Mobile gaming weighed in as a welterweight at E3 this year as console developers considered their overall impact on the industry and their revenues. Even if the mobile platform's presence was a bit compartmentalized, console makers Sony and Microsoft still paid attention to the rising interest in "casual" or mobile games.
Though not viewed as a big competitor to consoles, gaming for tablets and smartphones is growing fast. Here's how mobile played at the year's biggest gaming event.
The biggest names in games were ever-present at E3. Call of Duty: Ghosts, Destiny and Titanfall, a new game for PC, Xbox 360, and XBox One, drew lots of interest. Mobile devices have similar games including Modern Combat 4.
In addition, mobile concepts are changing to allow players on mobile devices to sync with console games. This could lead to more people playing on their mobile devices, and it's also likely to draw more people to larger-screen console gaming as well.
BlackBerry's phones, which boast above-grade features for your work-life, like time-saving apps, some very impressive enterprise mobility management benefits, also produced a stunning line-up of games at E3 for the right side of your brain.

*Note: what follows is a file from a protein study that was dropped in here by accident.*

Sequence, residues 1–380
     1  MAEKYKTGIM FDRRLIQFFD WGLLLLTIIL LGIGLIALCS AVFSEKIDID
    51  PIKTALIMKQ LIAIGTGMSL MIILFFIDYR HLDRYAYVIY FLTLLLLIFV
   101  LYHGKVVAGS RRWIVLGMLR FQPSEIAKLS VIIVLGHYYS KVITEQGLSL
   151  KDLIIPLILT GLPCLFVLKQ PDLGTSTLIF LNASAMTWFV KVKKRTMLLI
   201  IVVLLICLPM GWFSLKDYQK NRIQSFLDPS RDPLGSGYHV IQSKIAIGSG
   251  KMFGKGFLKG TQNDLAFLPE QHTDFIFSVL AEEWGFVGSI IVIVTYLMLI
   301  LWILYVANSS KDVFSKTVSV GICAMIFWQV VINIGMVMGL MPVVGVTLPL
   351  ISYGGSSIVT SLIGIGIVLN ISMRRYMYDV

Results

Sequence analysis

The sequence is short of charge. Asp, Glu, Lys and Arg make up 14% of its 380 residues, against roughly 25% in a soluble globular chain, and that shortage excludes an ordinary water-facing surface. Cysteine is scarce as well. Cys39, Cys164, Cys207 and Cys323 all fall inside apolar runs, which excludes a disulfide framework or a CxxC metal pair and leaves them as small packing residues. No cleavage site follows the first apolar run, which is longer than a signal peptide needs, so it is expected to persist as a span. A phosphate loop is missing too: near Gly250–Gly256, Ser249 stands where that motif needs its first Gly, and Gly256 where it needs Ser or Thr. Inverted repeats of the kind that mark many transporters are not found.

Big titles for BlackBerry include Angry Birds Star Wars, Riptide GP, The Bard's Tale role-playing game, and sci-fi shooter N.O.V.A. More impressive is the tantalizing possibilities of better games when Jelly Bean arrives, which will bring more big titles to the phone.
Executives from huge companies, along with other important figure-heads in the industry, agreed that mobile won't surpass console gaming. Instead, they agreed that mobile will only draw more people to console games as they get introduced to gaming on their phones.
They suggested players will get hooked on RPGs and first-person shooters as a way to whittle away down time. Afterwards, they'll move on to console games. It's hard to say either is taking away from the other when most people have a cell phone and console and play both.
Another theme at E3 centered around app development. Developers like an easy way to get their games on mobile devices. BlackBerry offers a native SDK, and one for Adobe Air, along with a plug-in for Microsoft Visual Studio. It also gives developers incentives, such as a 10K commitment.
This contrasts the financial hurdles and complexities independent developers face with the XBox 360 and XBox One platform. Sony is taking mobile's cue, opening the door a little wider for indie game developers at E3, offering a safe haven for independent developers in the console world. Independent games will play a larger role on Playstation 4 consoles.
Even though mobile games aren't likely to consistently out-perform console games, mobile is impacting how the big fish think and how we play. It's good for us, though. Either way, we'll get better, more intense games on our phones and consoles in years to come.